Random Thoughts from a Restless Mind

Dr. Darrell White's Personal Blog

Cape Cod

The Orphans: Mother’s Day musings…5/14/2023

It’s Mother’s Day here on the North Coast and elsewhere across the land. A day widely acknowledged as the invention of a greetings card company in pursuit of a card-giving occasion, and despite this a day equally accepted as one worthy of the observance. In years past I have encouraged the tiny, but meaningful option of re-naming it “Mommy’s Day”; those who actively pursue the state of active mothering, Moms, in my opinion more deserving of the adoration of the day.

Do you still have a Mom? If so you’ve already called her, right? Come on, it’s way late in the day for me to be typing this, and if you haven’t called what the heck are you waiting for? I just took a quick look at Facebook and the first thing that came up was an acquaintance, Geoff, whose Mom made it to today before she shrugged off the chains of this life. All of her kids were there to wish her a happy Mother’s Day as she went on her way. Crazy, huh? They got to say a final Happy Mother’s Day just before they all became orphans.

And you’ve not called your Mom because, why?

If you think about it at all, it doesn’t matter when it happens, but the death of your only remaining parent makes you an orphan in the most traditional sense. Even if you are 40, 50, or 60+, losing your last parent means that you are now an orphan. When Beth’s Mom passed away some five years ago, not too very long after her Dad, Beth became an orphan. However trite, however commercial it might be, we all feel the tug of our Moms on Mother’s Day.

From what I’ve observed over my lifetime, there are sadder ways to be orphaned. We have more than several friends who were abandoned by a parent early in life, leaving them with only one left to lose in the more “traditional” way. A couple of special people in our lives were “left” by parents who may as well have died, so dead did they become by leaving behind their child or children. One wonders if it is the same as losing that last parent to death. I confess that I’ve not been brave enough to ask.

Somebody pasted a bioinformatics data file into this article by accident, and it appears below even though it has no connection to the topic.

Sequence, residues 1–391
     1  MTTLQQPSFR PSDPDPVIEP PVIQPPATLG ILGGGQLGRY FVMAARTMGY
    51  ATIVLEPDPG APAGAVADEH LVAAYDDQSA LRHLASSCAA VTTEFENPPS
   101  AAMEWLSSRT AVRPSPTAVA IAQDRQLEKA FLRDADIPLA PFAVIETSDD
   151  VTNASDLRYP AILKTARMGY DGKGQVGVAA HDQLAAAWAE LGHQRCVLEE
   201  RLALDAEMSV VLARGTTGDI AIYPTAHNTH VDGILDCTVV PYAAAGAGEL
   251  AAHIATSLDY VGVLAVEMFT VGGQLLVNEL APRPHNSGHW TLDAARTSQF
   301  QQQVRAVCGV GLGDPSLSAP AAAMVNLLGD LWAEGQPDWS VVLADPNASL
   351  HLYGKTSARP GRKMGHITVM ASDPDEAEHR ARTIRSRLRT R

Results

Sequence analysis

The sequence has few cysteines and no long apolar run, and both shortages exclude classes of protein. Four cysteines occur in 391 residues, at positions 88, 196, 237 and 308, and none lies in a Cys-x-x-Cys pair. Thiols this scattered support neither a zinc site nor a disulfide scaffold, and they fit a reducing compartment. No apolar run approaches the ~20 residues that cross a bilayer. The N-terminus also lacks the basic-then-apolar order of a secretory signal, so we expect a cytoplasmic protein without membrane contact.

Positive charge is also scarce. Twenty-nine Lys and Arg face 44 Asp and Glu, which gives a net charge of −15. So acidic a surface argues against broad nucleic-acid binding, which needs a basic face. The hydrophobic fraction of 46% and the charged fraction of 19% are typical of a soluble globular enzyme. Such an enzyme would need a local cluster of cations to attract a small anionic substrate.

It’s been a couple of weeks since I wrote about my visit to see my Mom. About how small everything seems now. It’s as if my siblings and I have to pay ever closer attention lest she shrinks until she just disappears. What a joy it was to hear her voice today. Hear how strong, how BIG it sounded. Having lost my Dad some 7 years ago I know that one day I, too, will become an orphan. But not today, you know?

Not today.

There’s no lesson here. Well, at least not much of a grand lesson anyway. It’s almost dinner time on the East Coast, and it’s still Mother’s Day. I hope that you, like me, like Beth, were blessed to grow up with someone who was Mom, or Mommy. No matter how old you are today, I hope that you still have her, and that she is not only alive but not yet small. Still big in your life. Today is not a day for the conveniences of our modern world. No texting, no snapping, no WhatsApping. Pick up the phone and call your Mom.

No one is there to answer the phone once you’ve become an orphan.

I’ll see you next week…

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